My mother used to operate the switchboard for Alexandria Public Schools. Every winter those phones went crazy. Everyone wanted to talk about the weather! Are the buses going to be late? Why are the buses going to be late? If the buses are going to be an hour late, what time will they come? With the patience of a Nordic saint, my mother answered each call. “One moment please…” And the next call would come in. “What are you going to do about this damn storm?” he asked, not politely. She held her breath. Knowing she had her own damn storm to deal with. This life. I suppose everyone does. And most people don’t do anything about it. But she wanted to. And she did. She went to work every day. Put on her best clothes. Her best smile, sometimes merely painted on, but on none the less. And she worked, not just at this job, but at this life. To make it better for her. To make it better for me. Because she knew it was all just a moment. One moment. And she was going to live it. He shouted again on the phone line. She smiled. She was going to be more than fine. “One moment please…”
Sent from my iPad


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Of being carried.

I was watching something on netflix. I don’t even remember the movie. But an image I’ve seen a million times, on the screen, in real life, a young child being carried. And it struck me so – I wish I could remember that – that feeling of being lifted. Of being carried. Of being relaxed. Feet dangling. At ease. Held up. I have no memory of this. I’m not sure most people do.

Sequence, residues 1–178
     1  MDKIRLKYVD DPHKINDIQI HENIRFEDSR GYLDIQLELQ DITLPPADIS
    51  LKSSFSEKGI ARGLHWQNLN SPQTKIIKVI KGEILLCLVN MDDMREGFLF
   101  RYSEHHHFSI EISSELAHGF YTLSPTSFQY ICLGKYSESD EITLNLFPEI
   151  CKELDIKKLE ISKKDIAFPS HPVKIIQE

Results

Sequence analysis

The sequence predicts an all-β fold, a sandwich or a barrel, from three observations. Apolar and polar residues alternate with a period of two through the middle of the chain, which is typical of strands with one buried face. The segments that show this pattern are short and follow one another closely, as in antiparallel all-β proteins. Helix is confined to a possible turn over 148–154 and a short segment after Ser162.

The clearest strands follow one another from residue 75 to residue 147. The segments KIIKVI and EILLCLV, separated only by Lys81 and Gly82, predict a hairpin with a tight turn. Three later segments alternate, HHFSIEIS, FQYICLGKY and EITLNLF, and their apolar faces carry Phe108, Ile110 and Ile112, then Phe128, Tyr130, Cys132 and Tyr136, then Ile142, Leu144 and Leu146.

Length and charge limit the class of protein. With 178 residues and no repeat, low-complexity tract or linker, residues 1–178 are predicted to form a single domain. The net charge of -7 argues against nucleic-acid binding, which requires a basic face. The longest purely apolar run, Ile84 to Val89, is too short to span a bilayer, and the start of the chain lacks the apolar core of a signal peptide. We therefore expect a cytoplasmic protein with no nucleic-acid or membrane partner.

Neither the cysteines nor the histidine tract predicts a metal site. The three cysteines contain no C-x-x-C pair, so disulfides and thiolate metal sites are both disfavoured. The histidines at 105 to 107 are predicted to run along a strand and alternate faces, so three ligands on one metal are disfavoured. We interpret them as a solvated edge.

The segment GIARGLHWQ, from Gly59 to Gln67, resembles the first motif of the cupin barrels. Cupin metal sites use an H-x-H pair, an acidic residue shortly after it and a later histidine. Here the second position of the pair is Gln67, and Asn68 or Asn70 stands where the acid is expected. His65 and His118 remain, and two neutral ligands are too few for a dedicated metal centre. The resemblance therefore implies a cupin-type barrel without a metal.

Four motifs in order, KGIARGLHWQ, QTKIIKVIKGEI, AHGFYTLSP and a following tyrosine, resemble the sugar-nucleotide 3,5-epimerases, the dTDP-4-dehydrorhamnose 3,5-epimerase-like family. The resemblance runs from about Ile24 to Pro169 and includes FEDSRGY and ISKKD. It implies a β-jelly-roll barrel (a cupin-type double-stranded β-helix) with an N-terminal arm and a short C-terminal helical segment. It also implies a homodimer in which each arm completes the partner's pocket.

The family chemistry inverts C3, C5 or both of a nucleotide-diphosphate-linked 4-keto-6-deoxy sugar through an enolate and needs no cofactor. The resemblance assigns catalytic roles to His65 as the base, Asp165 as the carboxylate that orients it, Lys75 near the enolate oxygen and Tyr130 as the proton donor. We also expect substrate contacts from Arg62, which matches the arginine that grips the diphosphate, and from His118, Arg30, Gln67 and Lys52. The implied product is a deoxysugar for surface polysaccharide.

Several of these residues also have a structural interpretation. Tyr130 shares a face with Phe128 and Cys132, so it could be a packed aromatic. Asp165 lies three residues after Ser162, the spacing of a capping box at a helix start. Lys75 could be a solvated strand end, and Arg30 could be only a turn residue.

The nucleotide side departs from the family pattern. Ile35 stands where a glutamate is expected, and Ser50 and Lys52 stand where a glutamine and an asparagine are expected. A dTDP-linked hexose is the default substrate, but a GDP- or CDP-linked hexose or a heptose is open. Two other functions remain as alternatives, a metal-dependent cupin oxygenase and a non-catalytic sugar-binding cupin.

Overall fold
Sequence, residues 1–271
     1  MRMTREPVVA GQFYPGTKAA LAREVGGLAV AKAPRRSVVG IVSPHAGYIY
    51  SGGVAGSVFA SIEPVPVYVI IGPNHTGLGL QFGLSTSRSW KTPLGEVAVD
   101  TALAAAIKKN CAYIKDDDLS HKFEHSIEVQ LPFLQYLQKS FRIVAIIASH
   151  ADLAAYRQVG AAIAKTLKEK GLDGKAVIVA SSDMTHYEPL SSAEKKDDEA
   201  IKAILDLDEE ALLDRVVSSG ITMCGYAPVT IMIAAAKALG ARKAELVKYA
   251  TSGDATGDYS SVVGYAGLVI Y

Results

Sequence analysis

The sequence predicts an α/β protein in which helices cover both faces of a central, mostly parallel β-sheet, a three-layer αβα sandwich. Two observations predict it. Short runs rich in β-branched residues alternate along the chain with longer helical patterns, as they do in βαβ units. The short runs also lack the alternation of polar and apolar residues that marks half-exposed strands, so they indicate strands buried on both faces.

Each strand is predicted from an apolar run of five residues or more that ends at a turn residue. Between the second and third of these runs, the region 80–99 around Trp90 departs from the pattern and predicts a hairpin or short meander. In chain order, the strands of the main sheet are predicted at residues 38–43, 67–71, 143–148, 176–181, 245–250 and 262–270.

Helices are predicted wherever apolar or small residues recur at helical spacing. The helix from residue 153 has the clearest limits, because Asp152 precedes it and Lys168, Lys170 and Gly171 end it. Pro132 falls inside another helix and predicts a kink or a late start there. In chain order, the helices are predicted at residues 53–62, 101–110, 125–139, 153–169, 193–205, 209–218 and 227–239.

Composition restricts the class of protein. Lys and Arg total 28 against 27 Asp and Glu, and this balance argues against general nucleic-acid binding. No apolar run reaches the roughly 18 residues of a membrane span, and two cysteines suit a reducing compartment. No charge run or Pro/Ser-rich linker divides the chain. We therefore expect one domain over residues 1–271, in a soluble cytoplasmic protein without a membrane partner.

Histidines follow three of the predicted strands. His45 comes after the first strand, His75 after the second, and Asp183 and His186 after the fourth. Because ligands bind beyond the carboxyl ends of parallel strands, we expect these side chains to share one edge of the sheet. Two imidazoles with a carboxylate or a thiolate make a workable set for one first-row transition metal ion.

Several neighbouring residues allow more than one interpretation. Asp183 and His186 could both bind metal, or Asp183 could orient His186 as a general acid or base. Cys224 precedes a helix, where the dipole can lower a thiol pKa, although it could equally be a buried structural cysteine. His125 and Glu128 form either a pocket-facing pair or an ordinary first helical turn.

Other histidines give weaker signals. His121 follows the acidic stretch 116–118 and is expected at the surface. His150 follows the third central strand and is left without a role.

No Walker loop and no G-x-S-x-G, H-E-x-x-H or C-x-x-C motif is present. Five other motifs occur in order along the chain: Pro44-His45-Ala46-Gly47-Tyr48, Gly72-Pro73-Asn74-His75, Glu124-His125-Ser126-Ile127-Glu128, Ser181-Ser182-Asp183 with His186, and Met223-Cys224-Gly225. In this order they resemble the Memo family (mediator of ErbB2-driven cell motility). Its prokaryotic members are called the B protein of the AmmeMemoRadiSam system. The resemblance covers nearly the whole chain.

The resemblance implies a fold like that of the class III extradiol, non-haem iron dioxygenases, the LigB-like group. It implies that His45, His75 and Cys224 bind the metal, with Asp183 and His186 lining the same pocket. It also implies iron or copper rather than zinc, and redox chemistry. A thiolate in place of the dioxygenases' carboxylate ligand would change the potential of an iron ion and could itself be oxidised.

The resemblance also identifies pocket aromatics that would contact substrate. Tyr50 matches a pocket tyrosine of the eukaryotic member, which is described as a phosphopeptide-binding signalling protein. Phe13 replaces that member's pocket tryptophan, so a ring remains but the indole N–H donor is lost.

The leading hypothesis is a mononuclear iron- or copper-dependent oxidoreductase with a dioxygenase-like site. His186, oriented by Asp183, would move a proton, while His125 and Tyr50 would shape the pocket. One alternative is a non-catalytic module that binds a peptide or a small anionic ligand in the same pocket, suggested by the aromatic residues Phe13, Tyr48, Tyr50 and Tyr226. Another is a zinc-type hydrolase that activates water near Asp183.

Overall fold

I went to bed after the movie. Still a bit anxious from the news of the day. He knew that. I explained thoughts in fragments. Puzzles of emotions. He has a way of brushing the tear, not from my eye, no, he lets it fall to the bottom of my chin, and then catches it. Telling me it’s ok to feel. Allowing me to feel. And he’ll be there. He is there. And I know it. I release the air that worry tries to trap in my lungs, and I breathe. And breathe again. And I sleep. Feet dangling. I do remember.


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In the painting.

When you open the refrigerator door in our second kitchen, it’s pretty easy to tell we live in France. The Camembert fromage (cheese) wafts its unique “bonjour” and I know we are home.


And what a glorious thing it is to make yourself a home. I don’t mean to fill…but to actually create. To curate your space with a life that is yours. What could be more beautiful? Each painting, each photograph, a story. Each book, a conversation. A place to launch. A place to land. As unique and full of feeling as an original painting. A painting in which you can see each stroke. See where one color blended into the next. Actually feel the hands that made it.


I grew up in the painting — the neighborhood — of Van Dyke Road. The Vasek’s lived in the first house. The dust from the gravel road gathered on their screen door, giving it a creak to announce each visitor. They seemed especially old, probably because I was especially young, but I would visit them. How odd it must seem now, to say we, young and old, would visit our neighbors, walk through their unlocked, creaking doors and visit their curated world. Each stroke that was unique to their “birthplace of America.” It was a light peach colored home, and smelled, not of age, but of time. Time of food cooking on the stove. It was worn, the welcome rug, the railing at the front door. I didn’t have words for it then, but what a glorious gift, what a symbol of love, community, and peace, to wear the railing of your heart’s door with the hands of those around you.


I suppose that’s why I paint. To welcome you, near and far, into my world. To see the strokes of my life, and tell you, young and old, this is my neighborhood, my creaking door, my welcome mat, my heart — “Come in, you and your heart sit down.”